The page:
Can Fashion be Feminist? Can Digital Media?

Robin James extensively argues that fashion and digital media are stuck in a kind of performative neoliberal femininity which perpetuates the MRWasP (multi-racial white supremacist patriarchy). James’s piece really forced me to think about how feminism, particularly the “Look I Overcame” performance she talks about, plays out on my social media feeds. James’ argues that women of today reject the “dainty” figure of woman by affirming the damage of systemic misogyny and overcoming it in a public, performative way. In this way, women are told, by and through almost all avenues of power, that the systemic inequalities, and the psychological effects they have, are all a part of a personal therapeutic journey to post-feminist bliss. While being a boss woman and overcoming body image issues or traumas of sexual harassment are positive traits, these ideals do not take down the patriarchy, in fact, by placing the “overcoming” on the woman, the patriarchy continues to exist, untouched and in power.

As a woman of the 21st century, I spend a lot of time online looking at, engaging with, and reading about women. In many different iterations, I see “popular feminism”, used as a tool of both fashion and self branding. In this sense, it is hard for me to believe, or see, how large brands or social media conglomerations could truly be feminist, in the sense that they attack or work to undo the systemic issues plaguing both women and men under the patriarchy. In dominant discourse, the performance of resilience is still very strong. Despite positive efforts to diversify models, or write stories about loving ourselves, women-geared realms like the fashion world struggle to get out from under the damage/overcoming narrative. In addition to being pleasurable for women as consumers, selling confidence and self-love is profitable.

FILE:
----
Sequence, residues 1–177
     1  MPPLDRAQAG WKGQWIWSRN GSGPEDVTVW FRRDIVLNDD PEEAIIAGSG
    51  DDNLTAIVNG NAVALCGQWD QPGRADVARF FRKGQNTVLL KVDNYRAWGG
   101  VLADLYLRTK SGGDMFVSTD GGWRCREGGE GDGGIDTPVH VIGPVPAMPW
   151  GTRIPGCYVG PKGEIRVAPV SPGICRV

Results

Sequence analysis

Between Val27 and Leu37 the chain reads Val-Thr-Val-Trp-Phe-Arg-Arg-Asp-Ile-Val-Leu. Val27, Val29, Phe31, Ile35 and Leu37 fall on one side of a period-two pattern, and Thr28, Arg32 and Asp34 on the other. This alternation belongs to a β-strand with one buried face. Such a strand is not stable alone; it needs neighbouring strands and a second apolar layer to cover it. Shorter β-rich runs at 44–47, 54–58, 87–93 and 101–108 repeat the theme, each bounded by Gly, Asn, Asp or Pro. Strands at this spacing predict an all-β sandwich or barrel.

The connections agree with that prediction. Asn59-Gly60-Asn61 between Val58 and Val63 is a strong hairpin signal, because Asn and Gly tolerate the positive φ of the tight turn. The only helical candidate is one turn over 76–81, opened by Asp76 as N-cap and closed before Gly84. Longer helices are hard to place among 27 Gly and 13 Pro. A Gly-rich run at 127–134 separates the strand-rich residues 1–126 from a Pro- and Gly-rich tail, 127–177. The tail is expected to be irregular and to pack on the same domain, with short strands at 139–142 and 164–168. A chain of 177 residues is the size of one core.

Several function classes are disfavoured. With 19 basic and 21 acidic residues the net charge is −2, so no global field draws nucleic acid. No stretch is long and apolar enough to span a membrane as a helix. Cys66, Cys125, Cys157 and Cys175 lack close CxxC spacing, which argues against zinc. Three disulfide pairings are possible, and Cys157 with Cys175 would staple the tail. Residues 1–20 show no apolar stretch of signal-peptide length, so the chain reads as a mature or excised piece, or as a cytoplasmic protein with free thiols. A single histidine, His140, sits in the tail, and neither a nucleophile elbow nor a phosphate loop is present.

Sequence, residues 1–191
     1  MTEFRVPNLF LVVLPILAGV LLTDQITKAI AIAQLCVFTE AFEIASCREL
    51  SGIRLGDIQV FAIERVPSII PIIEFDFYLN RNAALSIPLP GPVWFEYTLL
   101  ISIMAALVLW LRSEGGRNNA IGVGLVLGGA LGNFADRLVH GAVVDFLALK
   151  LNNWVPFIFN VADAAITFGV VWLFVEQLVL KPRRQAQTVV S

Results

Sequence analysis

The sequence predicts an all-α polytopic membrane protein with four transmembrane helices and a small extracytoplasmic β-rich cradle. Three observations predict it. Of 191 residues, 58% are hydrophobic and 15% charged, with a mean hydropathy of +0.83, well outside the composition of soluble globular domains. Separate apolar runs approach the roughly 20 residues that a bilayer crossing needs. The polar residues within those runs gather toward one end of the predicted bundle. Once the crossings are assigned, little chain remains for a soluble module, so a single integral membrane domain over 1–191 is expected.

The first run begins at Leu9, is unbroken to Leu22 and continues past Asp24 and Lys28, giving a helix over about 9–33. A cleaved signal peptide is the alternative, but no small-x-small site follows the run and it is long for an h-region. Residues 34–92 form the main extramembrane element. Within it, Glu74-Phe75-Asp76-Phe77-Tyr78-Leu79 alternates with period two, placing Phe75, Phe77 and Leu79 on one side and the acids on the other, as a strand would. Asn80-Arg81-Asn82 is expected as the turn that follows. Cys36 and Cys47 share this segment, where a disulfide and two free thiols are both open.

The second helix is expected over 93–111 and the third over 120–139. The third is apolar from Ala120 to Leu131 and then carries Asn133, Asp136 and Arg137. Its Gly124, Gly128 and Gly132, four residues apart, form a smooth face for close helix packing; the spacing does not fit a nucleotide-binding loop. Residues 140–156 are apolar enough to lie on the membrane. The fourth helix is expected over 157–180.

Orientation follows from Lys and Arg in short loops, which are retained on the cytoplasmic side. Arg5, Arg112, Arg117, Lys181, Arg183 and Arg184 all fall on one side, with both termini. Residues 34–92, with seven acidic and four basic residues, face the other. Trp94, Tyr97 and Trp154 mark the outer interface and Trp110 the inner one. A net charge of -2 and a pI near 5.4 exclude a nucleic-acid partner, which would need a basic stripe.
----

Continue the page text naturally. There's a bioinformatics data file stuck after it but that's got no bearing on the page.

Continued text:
I looked at one of the most popular fashion publications, and one of my favorites, to see the prevalence and proliferation of the “overcoming” feminist narrative. In my first search, on Refinery29’s website, I saw a shopping article called “7 Spring Buys That are Major Confidence Boosters” and another piece titled “Jeffery Campbell is Making Size Inclusive Boots Thanks to This Model”. I was surprised how quickly I stumbled upon these late-capitalist headlines that are quite disturbing when you actually think about them. Buy these things, then you’ll feel good? Because of a popular plus size Instagram model NOW we will make shoes for people over a size 14? The commodity- cure- all approach to overcoming inequality seems shady at best and extremely damaging at worst.

But I don’t want to be too cynical. The increased representation of women of color and plus sized women in new designs is a great step forward for a more inclusive fashion world. Is digital media or the fashion world the pinnacle of feminist thought? Do they actively work to destroy systems of inequality? Definitely not. However, their efforts to raise voices of women might get them there someday.

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